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Saul Arellano Now Lives in Mexico


More than a year ago, when Elvira Arellano, a Mexican and the single mother of a U.S.-born son, was deported to Mexico, I wondered who would care for her son. She had been a cleaning woman at Chicago's O'Hare International Airport. But then, after she was arrested and told to appear before immigration authorities, she took refuge in a Chicago church for a year rather than be deported. When she left the church to give a speech in Los Angeles, she was arrested and deported. Saul had participated in rallies and met with Washington politicians in a campaign to persuade U.S. immigration officials to let his mother stay in the United States.

A Washington Post article published yesterday says that Saul, 9, now lives with his mother in Mexico. So he didn't stay in the United States, as some children who have U.S. citizenship do when their parents are deported.

The article, "Mixed-Status Families Look to Obama," talks about how some families with both documented and undocumented members hope that Barack Obama, when he becomes president, will push for legislation that addresses immigration reform and enables the undocumented members of such families to become legal.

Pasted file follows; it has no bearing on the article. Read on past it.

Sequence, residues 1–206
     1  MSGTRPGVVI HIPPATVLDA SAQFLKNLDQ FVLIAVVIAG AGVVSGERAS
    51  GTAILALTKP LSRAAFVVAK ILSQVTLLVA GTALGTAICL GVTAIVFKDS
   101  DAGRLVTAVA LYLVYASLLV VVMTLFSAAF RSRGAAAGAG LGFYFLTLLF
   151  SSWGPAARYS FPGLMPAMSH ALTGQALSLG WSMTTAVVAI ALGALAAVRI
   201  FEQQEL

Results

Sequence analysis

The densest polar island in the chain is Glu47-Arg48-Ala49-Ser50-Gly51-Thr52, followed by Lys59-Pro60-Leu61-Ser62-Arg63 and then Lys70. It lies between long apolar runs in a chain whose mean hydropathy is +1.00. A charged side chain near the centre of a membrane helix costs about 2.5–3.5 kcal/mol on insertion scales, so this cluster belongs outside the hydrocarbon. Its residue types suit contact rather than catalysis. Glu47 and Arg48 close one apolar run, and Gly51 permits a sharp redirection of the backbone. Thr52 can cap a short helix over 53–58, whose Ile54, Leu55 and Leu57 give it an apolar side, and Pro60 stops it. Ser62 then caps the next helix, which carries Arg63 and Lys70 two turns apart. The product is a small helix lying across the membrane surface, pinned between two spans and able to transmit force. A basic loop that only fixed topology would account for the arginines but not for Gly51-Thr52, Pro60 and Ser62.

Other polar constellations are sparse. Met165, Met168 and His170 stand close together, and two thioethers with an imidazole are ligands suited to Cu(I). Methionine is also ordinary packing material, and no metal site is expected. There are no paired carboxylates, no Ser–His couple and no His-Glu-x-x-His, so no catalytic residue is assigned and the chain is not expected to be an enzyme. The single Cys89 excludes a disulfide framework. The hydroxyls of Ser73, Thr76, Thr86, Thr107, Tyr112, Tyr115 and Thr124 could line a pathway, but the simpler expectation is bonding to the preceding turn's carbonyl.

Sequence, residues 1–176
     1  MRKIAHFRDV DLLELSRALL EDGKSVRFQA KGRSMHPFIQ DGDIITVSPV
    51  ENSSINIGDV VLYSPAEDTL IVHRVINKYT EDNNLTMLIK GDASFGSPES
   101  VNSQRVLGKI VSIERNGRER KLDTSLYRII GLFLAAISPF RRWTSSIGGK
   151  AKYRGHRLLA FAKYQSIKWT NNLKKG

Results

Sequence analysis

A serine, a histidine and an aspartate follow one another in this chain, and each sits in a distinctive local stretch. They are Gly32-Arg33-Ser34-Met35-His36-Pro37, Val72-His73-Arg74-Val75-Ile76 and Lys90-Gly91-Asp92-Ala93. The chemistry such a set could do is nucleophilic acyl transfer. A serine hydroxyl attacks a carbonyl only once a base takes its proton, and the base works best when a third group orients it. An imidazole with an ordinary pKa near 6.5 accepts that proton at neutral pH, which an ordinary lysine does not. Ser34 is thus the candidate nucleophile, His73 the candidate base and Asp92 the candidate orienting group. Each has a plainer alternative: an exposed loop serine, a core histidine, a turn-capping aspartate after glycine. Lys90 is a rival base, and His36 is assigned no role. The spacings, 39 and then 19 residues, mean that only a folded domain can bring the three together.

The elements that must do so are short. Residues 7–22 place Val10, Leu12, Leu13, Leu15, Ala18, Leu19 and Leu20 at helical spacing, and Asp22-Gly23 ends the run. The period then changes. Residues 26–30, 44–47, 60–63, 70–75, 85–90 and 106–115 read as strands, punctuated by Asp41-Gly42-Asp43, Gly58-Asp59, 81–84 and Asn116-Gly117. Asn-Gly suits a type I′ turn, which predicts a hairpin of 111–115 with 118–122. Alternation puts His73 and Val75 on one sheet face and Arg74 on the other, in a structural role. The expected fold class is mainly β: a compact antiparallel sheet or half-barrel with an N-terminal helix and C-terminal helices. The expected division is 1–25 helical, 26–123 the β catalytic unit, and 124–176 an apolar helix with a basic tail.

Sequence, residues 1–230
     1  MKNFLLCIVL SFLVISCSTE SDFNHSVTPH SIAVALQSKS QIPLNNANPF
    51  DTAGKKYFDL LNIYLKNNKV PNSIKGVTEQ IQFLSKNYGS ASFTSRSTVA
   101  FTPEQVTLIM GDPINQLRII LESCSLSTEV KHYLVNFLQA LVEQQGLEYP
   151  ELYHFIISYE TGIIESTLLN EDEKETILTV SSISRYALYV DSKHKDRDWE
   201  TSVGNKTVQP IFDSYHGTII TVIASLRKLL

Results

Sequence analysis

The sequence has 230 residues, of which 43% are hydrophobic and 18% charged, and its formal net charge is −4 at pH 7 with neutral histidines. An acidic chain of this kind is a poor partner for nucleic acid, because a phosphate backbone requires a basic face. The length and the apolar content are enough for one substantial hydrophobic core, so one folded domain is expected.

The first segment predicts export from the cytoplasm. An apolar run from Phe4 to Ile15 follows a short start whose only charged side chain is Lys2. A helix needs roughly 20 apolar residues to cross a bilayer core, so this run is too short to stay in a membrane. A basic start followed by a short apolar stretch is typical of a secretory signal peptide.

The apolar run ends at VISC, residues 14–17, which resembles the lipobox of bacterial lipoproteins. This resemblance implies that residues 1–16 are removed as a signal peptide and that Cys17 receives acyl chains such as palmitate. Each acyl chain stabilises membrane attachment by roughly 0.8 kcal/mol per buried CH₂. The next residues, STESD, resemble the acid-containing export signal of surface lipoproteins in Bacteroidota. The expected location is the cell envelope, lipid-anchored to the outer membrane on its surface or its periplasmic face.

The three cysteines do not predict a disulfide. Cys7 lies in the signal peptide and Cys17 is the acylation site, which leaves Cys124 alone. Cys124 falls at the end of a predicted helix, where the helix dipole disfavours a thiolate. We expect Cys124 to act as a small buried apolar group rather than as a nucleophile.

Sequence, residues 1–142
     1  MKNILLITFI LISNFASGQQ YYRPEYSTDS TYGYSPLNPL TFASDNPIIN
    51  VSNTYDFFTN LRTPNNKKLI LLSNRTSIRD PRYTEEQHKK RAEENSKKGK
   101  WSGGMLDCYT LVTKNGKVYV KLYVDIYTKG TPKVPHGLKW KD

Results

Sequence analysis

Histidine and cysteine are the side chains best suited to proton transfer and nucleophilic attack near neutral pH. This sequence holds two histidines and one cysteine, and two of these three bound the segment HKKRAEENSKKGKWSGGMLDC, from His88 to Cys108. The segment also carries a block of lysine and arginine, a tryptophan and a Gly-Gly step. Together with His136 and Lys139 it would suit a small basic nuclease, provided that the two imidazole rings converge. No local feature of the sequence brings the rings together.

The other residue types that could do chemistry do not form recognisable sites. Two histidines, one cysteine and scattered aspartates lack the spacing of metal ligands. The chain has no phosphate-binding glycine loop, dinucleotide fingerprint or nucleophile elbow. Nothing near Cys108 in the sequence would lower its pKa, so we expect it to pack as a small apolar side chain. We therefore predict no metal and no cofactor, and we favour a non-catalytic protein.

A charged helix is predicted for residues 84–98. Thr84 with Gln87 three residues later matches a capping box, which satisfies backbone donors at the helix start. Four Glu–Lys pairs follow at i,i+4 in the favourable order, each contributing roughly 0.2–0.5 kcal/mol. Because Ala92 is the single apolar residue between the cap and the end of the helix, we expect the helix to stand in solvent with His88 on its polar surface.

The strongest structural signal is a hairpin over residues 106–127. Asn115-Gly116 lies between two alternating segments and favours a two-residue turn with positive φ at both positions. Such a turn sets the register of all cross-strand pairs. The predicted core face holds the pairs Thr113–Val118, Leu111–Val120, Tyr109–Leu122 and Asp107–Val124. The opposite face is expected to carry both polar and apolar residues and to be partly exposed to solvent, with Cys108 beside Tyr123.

Free trade includes liberal immigration policies. Right now with the anti-immigration stance by both parties and the protectionist climate, I doubt immigration will be the top of anyone's agenda except for deportation and hate. It will only make our economy worse but when people hate, they don't think of those things. The country seems to be reaching out to protectionist, insular strategies.

Putting a human "face" onto all the stories of immigrants helps us "filter" the policy debates that seem to erupt with increasing frequency.

Saul and his mother's struggle is an example of the affecting stories that help all of us consider the actual lives behind the often negative public discourse surrounding immigration.

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